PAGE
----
Most business people I run into are very aware that their personal computers literally have a life of their own. Like children, the older they get the more prone they are to rebelling, which takes the form of a general decline in performance, and often times an increase in the frequency of crashes and frozen screens. That’s because your personal computer changes every single time that you go online, create new documents, import new files, open an email, install a new application, delete an old one, run a patch or a software update, or connect a new peripheral.
Even if you are running updated virus protection software and malware filters behind a solid internet firewall, you’re still going to need to give your personal computer a professional tune-up every so often to get it back into peak operating performance. The recommended frequency of your tune-ups will vary depending on how active you are with your PC.
The same thing is true with your business network, except multiply the complexity of issues by the number and types of devices you have attached to it. Even the most basic network these days has a firewall, a server or two, a few desktops and laptops, some mobile devices, and probably a couple of different operating systems. Maybe you also have a wireless network, a network printer, VPN, Voice-over-IP (VoIP) phone system, automated back-ups, and a specialized app or two? If you think a single PC changes a lot over time, think about all the “moving parts” that make up your entire network!
The bigger your network, the more users who are a part of it, the greater the likelihood that there are hidden issues that are lurking in the digital nooks and crannies where even seasoned IT pros rarely look. Think about how many people you’ve granted access to your network over the years. Are there any legacy security privileges still part of your network configuration for people who no longer should have access? When’s the last time you checked whether anyone opened an unsecured port to the internet, exposing your company to potential attacks on your system or theft of proprietary data? How many devices have you added onto your network and decommissioned over the years? Are your network organizational settings mirroring your current organization?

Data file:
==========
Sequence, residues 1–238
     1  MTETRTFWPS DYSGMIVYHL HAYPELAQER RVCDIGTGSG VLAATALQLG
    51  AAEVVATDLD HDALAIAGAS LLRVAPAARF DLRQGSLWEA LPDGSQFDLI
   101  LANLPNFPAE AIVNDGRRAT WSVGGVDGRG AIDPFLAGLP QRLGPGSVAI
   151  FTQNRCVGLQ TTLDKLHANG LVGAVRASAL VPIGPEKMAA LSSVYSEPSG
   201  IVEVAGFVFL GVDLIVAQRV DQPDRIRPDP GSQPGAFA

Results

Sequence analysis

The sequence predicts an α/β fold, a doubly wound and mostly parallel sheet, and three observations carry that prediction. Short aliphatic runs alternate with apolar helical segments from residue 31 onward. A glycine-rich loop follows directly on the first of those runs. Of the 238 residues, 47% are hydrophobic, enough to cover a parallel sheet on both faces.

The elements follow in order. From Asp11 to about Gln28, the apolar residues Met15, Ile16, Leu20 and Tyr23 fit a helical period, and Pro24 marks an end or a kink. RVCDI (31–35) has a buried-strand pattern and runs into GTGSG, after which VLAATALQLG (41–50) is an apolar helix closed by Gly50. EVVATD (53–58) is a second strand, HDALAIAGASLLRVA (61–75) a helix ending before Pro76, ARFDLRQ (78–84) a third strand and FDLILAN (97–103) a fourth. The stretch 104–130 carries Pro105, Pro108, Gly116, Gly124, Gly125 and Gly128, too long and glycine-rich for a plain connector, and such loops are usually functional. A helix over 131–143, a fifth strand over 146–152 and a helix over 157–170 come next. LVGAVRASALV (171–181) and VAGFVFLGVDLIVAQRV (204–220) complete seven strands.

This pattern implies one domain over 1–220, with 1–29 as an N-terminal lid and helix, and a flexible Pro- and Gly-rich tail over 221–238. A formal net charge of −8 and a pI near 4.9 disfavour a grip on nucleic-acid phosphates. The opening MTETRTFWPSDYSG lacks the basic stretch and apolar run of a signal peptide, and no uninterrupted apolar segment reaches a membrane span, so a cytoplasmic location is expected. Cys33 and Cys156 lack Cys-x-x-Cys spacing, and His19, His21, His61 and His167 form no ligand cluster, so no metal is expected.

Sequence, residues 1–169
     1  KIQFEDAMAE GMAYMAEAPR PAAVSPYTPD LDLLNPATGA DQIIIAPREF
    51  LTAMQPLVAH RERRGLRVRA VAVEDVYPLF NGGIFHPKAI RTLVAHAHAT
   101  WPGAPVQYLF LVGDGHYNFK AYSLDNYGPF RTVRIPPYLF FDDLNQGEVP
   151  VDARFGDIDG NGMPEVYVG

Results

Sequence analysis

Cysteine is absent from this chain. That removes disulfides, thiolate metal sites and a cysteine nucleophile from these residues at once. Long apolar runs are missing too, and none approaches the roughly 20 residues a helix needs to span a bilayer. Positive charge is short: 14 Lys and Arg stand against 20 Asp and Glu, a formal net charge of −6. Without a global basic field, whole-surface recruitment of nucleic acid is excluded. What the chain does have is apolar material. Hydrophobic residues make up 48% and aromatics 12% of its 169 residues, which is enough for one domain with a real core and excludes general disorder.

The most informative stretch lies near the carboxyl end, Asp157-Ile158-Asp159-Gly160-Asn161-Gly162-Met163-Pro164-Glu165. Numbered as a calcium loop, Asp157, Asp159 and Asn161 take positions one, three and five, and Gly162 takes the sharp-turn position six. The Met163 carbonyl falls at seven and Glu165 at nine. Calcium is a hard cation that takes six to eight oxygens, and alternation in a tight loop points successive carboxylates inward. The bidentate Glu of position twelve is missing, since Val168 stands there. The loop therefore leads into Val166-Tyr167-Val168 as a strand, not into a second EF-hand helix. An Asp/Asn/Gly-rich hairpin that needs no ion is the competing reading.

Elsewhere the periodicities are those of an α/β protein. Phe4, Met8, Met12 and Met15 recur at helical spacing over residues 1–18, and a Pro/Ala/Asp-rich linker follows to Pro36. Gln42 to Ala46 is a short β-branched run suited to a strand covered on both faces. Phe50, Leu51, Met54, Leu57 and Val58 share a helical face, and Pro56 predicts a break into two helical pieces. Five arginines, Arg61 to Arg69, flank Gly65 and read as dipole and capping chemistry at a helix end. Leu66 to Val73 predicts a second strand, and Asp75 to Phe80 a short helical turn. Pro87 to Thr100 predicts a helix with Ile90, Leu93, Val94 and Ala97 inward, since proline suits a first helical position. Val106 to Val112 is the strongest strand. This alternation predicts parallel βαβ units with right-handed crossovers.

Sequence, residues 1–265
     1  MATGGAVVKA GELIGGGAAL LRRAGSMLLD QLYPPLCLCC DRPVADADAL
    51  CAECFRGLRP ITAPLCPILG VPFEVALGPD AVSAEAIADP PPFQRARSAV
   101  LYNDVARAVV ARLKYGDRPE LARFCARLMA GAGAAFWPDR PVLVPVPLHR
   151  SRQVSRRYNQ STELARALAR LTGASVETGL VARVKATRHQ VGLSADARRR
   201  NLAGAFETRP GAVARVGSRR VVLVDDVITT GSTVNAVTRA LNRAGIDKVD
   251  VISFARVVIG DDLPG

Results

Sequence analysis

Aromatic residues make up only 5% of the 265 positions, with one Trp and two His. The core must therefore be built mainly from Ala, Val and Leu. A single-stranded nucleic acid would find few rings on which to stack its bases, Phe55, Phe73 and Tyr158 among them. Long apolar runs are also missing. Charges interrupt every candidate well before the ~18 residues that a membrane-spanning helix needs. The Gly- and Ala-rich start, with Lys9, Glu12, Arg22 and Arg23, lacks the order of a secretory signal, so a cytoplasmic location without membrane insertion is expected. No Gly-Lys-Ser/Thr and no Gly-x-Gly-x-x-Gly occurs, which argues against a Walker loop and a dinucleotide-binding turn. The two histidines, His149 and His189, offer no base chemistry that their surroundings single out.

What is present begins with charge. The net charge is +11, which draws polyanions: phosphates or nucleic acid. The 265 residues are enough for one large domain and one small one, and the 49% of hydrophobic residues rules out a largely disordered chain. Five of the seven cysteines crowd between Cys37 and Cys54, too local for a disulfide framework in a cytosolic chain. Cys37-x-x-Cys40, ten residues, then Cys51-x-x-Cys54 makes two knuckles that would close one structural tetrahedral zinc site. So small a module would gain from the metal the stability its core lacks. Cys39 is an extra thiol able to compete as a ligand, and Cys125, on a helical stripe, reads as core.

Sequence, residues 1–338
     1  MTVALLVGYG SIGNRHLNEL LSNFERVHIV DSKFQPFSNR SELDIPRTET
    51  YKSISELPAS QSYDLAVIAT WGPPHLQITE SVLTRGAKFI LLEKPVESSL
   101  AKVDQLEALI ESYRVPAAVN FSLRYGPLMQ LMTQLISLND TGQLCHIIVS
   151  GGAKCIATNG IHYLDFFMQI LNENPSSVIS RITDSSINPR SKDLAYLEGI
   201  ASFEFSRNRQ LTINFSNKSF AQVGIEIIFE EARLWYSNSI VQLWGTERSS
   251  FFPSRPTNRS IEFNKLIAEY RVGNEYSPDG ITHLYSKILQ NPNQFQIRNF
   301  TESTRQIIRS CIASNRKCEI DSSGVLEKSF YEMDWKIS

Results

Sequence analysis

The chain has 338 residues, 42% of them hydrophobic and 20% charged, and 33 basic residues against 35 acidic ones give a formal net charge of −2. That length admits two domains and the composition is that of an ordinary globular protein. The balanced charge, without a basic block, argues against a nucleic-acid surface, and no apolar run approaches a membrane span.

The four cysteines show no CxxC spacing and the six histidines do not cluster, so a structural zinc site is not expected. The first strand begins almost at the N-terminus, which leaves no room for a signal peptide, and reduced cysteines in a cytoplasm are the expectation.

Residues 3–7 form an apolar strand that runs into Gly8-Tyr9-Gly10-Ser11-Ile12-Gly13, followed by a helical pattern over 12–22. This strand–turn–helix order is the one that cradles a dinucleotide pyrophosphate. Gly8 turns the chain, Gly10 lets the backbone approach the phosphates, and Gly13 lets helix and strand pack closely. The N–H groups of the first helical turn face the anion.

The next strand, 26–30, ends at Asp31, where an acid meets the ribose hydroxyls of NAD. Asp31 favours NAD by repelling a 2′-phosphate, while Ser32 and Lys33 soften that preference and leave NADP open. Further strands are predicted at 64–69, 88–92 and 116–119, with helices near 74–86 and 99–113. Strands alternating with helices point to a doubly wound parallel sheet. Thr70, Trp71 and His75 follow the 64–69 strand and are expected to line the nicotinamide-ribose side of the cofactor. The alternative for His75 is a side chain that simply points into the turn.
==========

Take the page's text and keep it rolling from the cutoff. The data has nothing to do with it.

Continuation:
There are dozens of critical security and productivity problems that invariably develop as a network grows and ages, and most companies have a hard time keeping up, and a harder time tracking down the issues. That’s why we recommend that every business that has a network, no matter how small or simple, regularly run a simple network assessment scan – at least on a quarterly basis. You should have your assessment performed by a qualified network technician who will be able to analyze the results and quickly cure any deficiencies, vulnerabilities and improper network settings.
When’s the last time that YOU did a network assessment, and what did you find?